When Rishi Sunak became the United Kingdom’s Prime Minister last month, Indian media headlines bubbled with pride. Indian nationalist groups, in particular, praised Sunak, a 42-year-old conservative British politician whose grandparents left present-day Pakistan and India long ago. For them, Sunak's appointment validates their far-right Hindu ideology.
These communities, supported by the ruling Bharatiya Janata Party in India, do not grant “Indianness” to all Indians in the diaspora. One must profess Hinduism and be politically conservative. Not doing so might result in being attacked for being ‘anti-national’ or ‘anti-Indian’. The case of Twitter’s recent lay-offs, which also included staffers of Indian descent, serves as a good example, with some accounts celebrating the termination of ‘anti-Indian’ employees such as Chief Legal Officer Vijaya Gadde.
In contrast, Rishi Sunak, who leads U.K.’s Conservative Party and publicly follows Hindu rituals, fits the bill. Some have gone as far as claiming that Sunak arrived to power in the U.K. thanks to India’s Prime Minister Narendra Modi.
“Despite being the Prime Minister of the United Kingdom and holding UK citizenship, Rishi Sunak is still branded as an Indian. He has never lived in India, and his ancestors migrated out of the country almost a century ago. Labeling him a Hindu serves the interests of right-wing Hindus, and his success is used to validate the BJP's Hindutva agenda in India,” Observatory researcher Ananya writes.
These groups have used Sunak’s appointment to galvanize “Hindutva”, an imaginary fusion of India, Hinduism, and extreme nationalism at the expense of minorities.
Viral posts after Sunak's appointment
Observatory researchers analyzed a popular video that baselessly tries to connect Rishi Sunak – dubbed “the Hindu lion” – to the ruling Bharatiya Janata Party (BJP) in India. It garnered 1.8 million views. In it, the pro-government media page ‘Nio times’ compares Sunak to Yogi Adityanath, the Chief Minister of Uttar Pradesh, who has enacted discriminatory policies against religious minorities in that region, implying that Sunak will protect Hindu interests in the U.K.
Nationalist media and users also want to inspire fear in these posts. For example, a Twitter user with 29k followers wrote that Rishi Sunak's appointment is part of a “global Hindutva phenomenon” and that this “terrifies” people. See more analysis here.
Musk’s Twitter firings
Indian far right-wing media reacted gleefully to Elon Musk’s Twitter job cuts, in particular when people of Indian descent were dismissed. In the past few days, Musk fired Twitter CEO Parag Agrawal, CFO Ned Segal and legal chief Vijaya Gadde, among others.
An unknown user on Telegram announced that “heads are rolling” and that “these were the folks who banned Trump.” The Hindu right wing has criticized Twitter for taking down their posts in the past.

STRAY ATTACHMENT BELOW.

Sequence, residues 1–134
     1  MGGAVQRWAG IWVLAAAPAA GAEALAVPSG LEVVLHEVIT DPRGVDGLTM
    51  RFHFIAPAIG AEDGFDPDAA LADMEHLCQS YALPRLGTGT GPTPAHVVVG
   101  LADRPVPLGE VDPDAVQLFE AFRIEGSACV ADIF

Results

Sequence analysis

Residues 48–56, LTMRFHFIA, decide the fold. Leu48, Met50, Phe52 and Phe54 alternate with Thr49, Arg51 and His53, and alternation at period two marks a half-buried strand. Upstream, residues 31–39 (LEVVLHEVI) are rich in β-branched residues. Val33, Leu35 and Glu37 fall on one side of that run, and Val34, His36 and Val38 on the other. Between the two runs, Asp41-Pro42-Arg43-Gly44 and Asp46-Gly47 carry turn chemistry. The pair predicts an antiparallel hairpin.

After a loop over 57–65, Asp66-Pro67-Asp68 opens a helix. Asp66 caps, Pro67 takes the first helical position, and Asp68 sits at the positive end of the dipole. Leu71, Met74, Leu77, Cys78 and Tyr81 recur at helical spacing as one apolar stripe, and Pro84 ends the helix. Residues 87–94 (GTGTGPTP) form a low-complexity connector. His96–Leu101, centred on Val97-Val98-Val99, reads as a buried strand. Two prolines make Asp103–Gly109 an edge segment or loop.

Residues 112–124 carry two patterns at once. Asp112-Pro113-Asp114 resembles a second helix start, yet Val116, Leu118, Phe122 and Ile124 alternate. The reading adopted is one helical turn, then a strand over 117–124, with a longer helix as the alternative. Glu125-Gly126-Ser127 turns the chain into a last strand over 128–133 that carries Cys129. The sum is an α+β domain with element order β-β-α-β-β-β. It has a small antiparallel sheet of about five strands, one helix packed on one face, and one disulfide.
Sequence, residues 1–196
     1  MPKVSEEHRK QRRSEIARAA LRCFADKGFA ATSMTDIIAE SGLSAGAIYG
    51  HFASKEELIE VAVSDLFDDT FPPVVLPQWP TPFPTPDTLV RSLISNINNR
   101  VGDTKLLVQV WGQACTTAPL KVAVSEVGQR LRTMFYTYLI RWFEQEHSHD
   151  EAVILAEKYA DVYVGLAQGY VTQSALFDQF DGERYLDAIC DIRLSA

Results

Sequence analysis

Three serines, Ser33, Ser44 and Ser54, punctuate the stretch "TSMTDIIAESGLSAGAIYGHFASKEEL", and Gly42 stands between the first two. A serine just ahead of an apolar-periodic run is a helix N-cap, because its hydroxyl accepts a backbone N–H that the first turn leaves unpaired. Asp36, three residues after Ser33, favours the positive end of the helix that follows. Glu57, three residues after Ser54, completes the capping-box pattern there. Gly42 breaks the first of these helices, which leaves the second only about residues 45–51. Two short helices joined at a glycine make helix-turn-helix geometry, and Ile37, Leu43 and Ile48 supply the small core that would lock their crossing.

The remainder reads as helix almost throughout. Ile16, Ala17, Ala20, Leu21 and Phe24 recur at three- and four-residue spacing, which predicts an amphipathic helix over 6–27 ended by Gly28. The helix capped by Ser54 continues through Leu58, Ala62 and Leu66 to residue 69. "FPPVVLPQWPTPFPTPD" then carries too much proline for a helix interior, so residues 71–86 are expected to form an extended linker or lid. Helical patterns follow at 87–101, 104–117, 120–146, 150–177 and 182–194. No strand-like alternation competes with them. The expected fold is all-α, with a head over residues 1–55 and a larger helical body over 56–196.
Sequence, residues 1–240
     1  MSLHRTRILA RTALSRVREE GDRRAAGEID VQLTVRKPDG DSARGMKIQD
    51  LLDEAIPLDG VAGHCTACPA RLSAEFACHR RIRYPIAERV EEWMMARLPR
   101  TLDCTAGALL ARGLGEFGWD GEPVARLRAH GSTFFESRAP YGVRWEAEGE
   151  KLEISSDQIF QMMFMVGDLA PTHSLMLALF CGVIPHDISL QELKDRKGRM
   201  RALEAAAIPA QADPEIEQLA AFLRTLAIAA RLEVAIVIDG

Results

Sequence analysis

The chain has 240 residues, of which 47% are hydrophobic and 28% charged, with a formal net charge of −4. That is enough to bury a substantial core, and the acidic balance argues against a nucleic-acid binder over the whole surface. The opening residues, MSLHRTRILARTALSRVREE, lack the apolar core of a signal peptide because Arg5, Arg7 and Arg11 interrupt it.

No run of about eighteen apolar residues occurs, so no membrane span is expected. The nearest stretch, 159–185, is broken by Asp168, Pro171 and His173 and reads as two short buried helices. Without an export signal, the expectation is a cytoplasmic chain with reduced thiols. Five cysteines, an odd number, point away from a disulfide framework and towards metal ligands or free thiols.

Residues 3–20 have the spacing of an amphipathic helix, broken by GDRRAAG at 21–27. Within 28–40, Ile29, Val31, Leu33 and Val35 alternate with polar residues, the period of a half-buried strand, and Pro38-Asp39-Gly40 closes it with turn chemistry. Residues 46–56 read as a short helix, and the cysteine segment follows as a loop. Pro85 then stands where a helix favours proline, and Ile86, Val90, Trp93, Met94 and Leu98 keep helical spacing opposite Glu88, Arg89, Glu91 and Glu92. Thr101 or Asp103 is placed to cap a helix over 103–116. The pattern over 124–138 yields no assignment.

Although mainstream media in India has glorified its diaspora members who lead tech companies, Hindu nationalists shun them if they enact policies that hurt right-wing figures, whether they be Western or Indian. In the Telegram message below, Twitter personnel is referred to as the “Leli gang,” which means the “left and liberal gang” in short. See more analysis here.
Sometimes the vilification is tainted with misogyny, as is the case for Vijaya Gadde, Twitter’s former head of legal operations. Gadde played an important role in the platform’s ban of former US President Trump and in the takedowns of many Hindu nationalist posts by BJP leaders in India. She has thus received a lot of backlash from right-wing circles. Her firing from Twitter is celebrated as apt “karma” for her arrogance. Comments in the item below mention that even though Gadde is Indian, she does not “have India in her heart”. See more analysis here.
Muslim Indians are not “Indian enough”
On the flipside, Muslim Indians, whether living in India or not, are seldom considered Indian by Hindu nationalist groups. Islamophobic narratives have dire consequences: recorded cases of offline extreme violence against Muslims in India are increasing.
As Rishi Sunak represents a religious minority in the United Kingdom, opposition leaders from the Indian National Congress and some Indian Twitter users have asked Hindu nationalists if they would agree to also have someone from a religious minority — such as a Muslim — to lead India. Hindu nationalists have overwhelmingly denied this possibility and the terms “Muslim PM” trended on Twitter.
Items like the one above imply that Hindus are routinely underrepresented in states where Hindus are a minority, even though Hinduism is the country’s majority religion. They are convinced that Indian PM Modi's repression of minority groups such as Muslims is rightful payback for the secular policies from the pre-BJP era that, according to them, marginalized Hindus.
“Arguments like these completely ignore the power imbalance between Hindus, who represent about 80 per cent of the country’s population, with a monopoly over systems of governance, versus minority communities who fight to safeguard their rights, culture and history against assimilation and onslaught,” Ananya writes.
View the most frequently asserted narratives in these posts: